The Reserve Bank of India (RBI) sold three bonds, including the benchmark 10-year bond, for a total of Rs 10,000 crore at the auction on Friday. The cutoff for the 8.12%, 2020 bond at 9.02% was lower than the previous auction. The cutoff yield on the benchmark 8.83%, 2023 bond was 8.73%, the lowest since it was issued in December.
This is in contrast to the previous 10-year benchmark 7.16%, 2023, that was issued in May 2013 and resulted in losses for investors. The cutoff yield for the bond was higher in every auction after its first issue. Bond dealers said that yields could ease further in the secondary market in the coming weeks due to absence of more supply. The yield on the 10-year benchmark 8.83%, 2023 bond is expected to ease to 8.60% by March.
One cannot expect a big movement in bonds, but there will be a positive movement, said HDFC Bank head of trading, Ajay Marwaha. Bond investors saw their portfolios suffer huge losses in 2013 as yields surged after foreign institutional investors started dumping Indian debt in May. The yield on government bonds had shot up over 90 bps between May and August as FIIs sold $14 billion worth of bonds after the US Federal Reserve indicated it would begin cutting back its monthly bond purchases.
FIIs anticipated that the Feds move would reduce global liquidity and, thus, leave them with less funds to invest in emerging market assets. Moreover, the RBIs unexpected measures in July to tighten systemic liquidity to curb speculation in the exchange rate market also hit the bond market and sent yields north.
In July, the central bank capped banks borrowings from the daily repo tender at 0.5% of deposits and also hiked the Marginal Standing Facility rate by a massive 200 bps to 10.25%. This effectively reduced banks' access to cheaper liquidity and prompted investors to trim their bond holdings.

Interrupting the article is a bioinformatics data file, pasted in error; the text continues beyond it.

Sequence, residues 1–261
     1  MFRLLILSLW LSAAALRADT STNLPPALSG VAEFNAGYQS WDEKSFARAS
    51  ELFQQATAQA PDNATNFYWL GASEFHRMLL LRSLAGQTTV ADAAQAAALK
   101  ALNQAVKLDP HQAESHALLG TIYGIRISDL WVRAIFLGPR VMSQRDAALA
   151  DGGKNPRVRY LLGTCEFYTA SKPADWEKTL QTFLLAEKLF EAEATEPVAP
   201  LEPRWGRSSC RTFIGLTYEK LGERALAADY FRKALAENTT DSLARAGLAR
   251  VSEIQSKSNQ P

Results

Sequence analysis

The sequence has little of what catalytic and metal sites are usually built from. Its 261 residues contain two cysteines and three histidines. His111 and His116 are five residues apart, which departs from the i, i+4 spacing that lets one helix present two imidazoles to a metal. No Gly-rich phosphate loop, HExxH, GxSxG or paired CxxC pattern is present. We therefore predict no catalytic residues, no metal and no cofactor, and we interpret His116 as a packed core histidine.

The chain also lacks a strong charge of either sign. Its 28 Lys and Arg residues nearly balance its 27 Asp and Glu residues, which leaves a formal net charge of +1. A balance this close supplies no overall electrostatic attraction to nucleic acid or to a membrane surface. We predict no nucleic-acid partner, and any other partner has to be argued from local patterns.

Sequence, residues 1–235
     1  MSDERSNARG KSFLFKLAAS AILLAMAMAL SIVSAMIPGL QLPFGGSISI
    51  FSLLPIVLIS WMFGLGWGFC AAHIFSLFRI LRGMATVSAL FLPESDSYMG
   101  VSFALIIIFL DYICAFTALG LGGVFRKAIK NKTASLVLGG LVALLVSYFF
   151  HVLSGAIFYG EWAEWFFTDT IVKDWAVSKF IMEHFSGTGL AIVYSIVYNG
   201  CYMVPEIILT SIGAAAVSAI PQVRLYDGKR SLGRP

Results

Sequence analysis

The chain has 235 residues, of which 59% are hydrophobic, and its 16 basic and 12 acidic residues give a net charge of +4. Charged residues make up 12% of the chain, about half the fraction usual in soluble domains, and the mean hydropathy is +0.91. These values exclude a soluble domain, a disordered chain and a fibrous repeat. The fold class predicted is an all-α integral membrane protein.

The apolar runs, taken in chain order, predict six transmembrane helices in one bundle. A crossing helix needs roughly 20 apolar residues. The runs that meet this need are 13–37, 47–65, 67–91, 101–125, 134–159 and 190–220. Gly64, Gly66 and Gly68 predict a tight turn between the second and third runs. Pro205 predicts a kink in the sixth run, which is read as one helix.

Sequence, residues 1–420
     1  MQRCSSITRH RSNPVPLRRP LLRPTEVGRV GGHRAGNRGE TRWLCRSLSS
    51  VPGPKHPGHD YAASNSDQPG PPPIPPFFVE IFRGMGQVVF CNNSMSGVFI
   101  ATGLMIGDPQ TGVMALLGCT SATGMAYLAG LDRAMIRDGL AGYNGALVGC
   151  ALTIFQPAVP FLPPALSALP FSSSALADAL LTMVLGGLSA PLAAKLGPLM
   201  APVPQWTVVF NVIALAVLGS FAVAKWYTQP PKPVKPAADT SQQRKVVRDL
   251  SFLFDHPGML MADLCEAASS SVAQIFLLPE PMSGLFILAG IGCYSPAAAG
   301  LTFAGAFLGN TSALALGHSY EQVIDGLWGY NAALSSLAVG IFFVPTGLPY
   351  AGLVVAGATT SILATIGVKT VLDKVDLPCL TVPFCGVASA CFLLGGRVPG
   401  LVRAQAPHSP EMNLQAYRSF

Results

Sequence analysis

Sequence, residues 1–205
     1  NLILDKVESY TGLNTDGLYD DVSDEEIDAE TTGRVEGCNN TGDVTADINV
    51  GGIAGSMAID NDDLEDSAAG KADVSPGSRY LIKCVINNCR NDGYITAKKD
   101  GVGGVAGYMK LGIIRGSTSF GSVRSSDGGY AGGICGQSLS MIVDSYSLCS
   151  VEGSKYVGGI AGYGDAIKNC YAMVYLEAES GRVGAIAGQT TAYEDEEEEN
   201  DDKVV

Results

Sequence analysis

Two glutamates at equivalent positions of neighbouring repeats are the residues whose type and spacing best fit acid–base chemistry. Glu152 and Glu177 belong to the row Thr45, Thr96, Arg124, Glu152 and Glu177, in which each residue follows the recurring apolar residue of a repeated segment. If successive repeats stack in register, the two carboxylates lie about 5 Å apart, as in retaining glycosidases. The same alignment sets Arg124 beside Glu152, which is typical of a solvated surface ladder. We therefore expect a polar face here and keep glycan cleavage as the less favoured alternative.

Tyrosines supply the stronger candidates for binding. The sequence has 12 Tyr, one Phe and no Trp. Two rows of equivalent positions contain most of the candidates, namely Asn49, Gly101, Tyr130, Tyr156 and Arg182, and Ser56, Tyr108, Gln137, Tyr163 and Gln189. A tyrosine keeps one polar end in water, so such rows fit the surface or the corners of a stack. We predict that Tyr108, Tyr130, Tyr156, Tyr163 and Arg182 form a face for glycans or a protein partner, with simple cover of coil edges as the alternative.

The year 2013 was not good for bonds because of FII selling and RBIs measures. But there has been some rally lately, which has helped bond portfolios a lot, said a bond trader with a public sector bank. The yield on the then benchmark 10-year bond 7.16%, 2023 surged 50 bps following these measures. As selling by FIIs continued through November, bond yields rose by a further 70 bps.
I think the 7.16%, 2023 bond is an exception. Most benchmarks have performed well, said Marwaha.
Bond auctions during this period saw cutoff yields rising for most bonds in line with the secondary market movement. However, there was no development at any auction. Since December, FIIs have been net buyers of bonds, which has helped bring down yields in the secondary market. As the financial year comes to a close, bond investors are likely to see gains in their bond portfolios as yields ease further. But it remains to be seen whether the government's borrowing cost for 2014-15 will come down.